A Teacher’s Legacy

Patrick T. Gallagher, Head of School  
Whenever I receive old-fashioned paper envelopes from colleges and universities, I grow excited. Of course, I am not an eighteen-year-old hoping to learn of an admission offer. Rather, I am a school administrator about to learn which of our incredible faculty have been recognized by undergraduates as uniquely impactful on their lives and learning. 

As part of a wonderful tradition, many colleges and universities ask their new students which teachers from their past have helped get them where they are. A student shares the name, then, of the Latin teacher who helped him to truly understand and appreciate language; the coach who helped instill in him discipline and reliance he never knew he had; or the robotics instructor who propped him up through challenge, and even failure, to identify a novel solution. I am lucky to learn of these generous acknowledgments, too, usually copied on the very same letters of recognition my colleagues receive. 

More than a letter, a number of years ago our own Mr. Pat Aliazzi, Reid Chairholder in Western Civilization, was invited by Stanford University as one of our and their own – Anuraag Chigurupati ‘05 – was honored with the Frederick Emmons Terman Engineering Scholastic Award. Anuraag had earned his spot among the top five percent of their undergraduate senior engineering class that year, and he requested that Stanford invite Mr. Aliazzi as “the most influential secondary school or pre-college teacher who guided him during the formative stages of his academic career.”

While there, the dean of the School of Engineering remarked to Mr. Aliazzi that no college professor, but rather teachers like him, actually did all the heavy lifting: “You send us great kids; our job is just not to screw them up.” 

I recall the story often, and not only when I am tearing open one of those envelopes. I recall the story often when speaking with any of our impressive seniors who also happen to be US “lifers,” boys who have attended University School since kindergarten.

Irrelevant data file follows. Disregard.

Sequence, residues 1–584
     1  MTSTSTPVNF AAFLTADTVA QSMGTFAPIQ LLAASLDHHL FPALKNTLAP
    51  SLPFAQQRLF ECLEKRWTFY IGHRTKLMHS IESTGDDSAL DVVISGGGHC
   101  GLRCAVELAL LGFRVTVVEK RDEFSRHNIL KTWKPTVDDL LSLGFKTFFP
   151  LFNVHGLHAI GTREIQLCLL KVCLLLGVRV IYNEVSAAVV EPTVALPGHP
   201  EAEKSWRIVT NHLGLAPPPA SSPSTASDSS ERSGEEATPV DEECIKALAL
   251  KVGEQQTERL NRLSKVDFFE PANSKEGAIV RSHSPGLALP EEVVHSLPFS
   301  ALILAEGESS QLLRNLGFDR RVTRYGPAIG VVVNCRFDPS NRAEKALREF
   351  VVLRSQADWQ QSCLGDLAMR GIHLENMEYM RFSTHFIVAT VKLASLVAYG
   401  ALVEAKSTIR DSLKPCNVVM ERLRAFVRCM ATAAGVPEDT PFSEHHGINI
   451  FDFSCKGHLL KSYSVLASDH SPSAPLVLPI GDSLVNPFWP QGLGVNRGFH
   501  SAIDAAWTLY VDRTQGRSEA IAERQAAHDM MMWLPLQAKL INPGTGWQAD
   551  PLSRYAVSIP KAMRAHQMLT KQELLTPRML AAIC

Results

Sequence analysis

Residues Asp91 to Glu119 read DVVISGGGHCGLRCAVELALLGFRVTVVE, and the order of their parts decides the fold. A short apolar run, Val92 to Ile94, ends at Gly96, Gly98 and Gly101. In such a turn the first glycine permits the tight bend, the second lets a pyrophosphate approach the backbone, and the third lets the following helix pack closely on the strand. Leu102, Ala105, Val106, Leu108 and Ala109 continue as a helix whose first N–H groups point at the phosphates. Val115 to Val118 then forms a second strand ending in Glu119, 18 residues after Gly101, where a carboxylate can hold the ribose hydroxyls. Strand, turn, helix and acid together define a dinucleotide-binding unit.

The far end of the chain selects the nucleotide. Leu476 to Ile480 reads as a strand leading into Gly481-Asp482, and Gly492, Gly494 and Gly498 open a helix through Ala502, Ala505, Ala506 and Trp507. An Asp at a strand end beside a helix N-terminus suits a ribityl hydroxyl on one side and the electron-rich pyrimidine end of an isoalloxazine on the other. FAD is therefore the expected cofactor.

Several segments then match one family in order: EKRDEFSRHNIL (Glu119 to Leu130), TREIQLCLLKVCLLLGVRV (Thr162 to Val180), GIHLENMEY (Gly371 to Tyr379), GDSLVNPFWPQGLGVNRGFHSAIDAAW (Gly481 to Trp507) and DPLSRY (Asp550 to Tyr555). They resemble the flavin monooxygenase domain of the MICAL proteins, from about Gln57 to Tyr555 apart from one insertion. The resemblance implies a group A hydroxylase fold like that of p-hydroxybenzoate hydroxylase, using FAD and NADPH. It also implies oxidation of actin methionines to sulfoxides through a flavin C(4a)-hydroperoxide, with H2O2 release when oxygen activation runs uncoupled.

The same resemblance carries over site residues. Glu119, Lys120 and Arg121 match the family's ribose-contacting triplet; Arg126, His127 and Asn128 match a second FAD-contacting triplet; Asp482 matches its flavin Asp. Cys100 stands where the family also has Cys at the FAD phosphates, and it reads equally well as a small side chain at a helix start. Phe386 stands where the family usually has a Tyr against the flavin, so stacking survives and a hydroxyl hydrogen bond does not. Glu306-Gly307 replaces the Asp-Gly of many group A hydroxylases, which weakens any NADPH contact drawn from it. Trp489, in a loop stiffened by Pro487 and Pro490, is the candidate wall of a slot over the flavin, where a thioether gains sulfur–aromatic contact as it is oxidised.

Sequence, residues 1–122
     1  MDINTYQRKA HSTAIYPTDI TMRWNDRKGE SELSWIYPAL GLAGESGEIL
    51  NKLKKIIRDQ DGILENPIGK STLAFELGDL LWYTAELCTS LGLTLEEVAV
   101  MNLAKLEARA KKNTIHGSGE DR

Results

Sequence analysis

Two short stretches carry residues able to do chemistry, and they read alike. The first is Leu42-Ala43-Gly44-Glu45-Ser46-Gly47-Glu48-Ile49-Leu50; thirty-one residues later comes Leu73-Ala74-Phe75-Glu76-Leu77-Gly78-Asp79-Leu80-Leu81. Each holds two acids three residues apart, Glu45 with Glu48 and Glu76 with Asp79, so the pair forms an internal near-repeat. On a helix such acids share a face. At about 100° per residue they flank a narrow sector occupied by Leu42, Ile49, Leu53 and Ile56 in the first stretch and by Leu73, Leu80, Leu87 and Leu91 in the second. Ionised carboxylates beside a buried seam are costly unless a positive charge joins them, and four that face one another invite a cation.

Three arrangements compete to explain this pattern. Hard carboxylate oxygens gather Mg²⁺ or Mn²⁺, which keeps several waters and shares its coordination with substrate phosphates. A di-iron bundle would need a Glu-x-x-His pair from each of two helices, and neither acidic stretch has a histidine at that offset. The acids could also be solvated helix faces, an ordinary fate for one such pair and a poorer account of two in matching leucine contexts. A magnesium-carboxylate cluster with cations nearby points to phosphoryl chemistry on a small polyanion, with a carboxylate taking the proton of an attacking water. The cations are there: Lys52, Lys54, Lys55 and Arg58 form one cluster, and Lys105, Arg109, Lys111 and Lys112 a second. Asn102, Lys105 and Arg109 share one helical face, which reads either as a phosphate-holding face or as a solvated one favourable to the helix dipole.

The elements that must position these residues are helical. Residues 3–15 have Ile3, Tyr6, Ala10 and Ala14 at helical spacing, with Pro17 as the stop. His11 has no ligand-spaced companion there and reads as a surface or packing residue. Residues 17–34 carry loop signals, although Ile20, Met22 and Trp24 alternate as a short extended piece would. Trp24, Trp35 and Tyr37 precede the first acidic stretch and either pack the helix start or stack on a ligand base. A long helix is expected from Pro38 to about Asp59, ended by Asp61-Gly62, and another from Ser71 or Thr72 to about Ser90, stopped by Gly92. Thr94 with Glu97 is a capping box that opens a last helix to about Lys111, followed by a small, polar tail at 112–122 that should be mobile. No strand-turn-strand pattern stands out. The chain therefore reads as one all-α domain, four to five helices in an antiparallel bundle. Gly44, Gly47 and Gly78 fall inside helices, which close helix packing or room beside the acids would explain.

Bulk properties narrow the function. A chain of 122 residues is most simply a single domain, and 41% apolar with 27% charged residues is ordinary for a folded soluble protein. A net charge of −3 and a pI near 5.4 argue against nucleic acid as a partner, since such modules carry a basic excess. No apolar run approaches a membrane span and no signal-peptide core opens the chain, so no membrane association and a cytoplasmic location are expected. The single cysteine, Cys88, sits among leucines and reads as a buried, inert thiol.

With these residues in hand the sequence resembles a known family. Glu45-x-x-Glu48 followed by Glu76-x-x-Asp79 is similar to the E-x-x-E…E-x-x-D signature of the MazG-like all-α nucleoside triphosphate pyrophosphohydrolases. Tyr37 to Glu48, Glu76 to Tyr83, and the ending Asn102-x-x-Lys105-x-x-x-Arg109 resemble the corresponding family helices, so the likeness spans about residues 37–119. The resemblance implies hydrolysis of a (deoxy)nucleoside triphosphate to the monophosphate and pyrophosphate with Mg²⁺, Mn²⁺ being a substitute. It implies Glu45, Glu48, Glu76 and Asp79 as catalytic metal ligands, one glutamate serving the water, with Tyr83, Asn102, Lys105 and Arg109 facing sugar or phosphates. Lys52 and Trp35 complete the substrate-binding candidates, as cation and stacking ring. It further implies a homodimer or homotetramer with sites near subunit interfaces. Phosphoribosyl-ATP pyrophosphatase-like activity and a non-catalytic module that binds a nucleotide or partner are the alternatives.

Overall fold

I have long taught an AP English Literature & Composition elective to seniors, and my time with those students has been invariably and richly rewarding. They read with discernment, write with precision, and think with imagination. Yet they are more than just excellent students of English. As our topics shift, for example, from the Battle of Agincourt in Shakespeare’s Henry V to the Battle of Gettysburg in Shaara’s The Killer Angels, they are not only flexible in their focus but also capable of making crucial connections between and among our readings. Most important of all, students are “all in” – ready and eager to do whatever is asked of them, including delivering challenging monologues aloud for their classmates and decoding complex scholarly criticism on our course texts. 

I am under no illusion that I alone have imparted to my students all these wonderful qualities, nor do I ever want to take them for granted. Like the college administrator had quipped to my colleague, they basically arrive that way in August of their twelfth-grade year. My experience as an upper school teacher is so consistently fulfilling because, by the time they arrive at the Hunting Valley campus, our boys are equipped and positioned to take full advantage of the immersive and interdisciplinary experiences awaiting them. 

The testimonials included in this issue from US alumni speak powerfully of the foundational work of our lower school teachers in launching them successfully on their journeys. Henry Shapard’s note that US shaped him so dramatically before he “turned 10 years old,” for example, reflects the all-important work of US in these hugely formative years. Their studies as young students encouraged them in their learning to read, write, think, perform, tinker, compete, problem-solve, and experiment. Most important of all, though, their studies helped them to care about their learning. 

My colleagues and I will continue to look forward to those envelopes.

Shaker Heights Campus

20701 Brantley Road
Shaker Heights, Ohio 44122
Phone: 216-321-8260

Hunting Valley Campus

2785 SOM Center Road
Hunting Valley, Ohio 44022
GRADES 9 – 12
Phone: 216-831-2200
University School serves over 850 boys in Junior Kindergarten to Grade 12 on two campuses in suburban Cleveland, Ohio. The School’s mission is to inspire boys of promise to become young men of character who lead and serve. Dedicated faculty, rigorous curriculum, and experiential programs foster intellectual, physical, creative, and moral excellence. University School is a diverse and inclusive community where each boy is known and loved.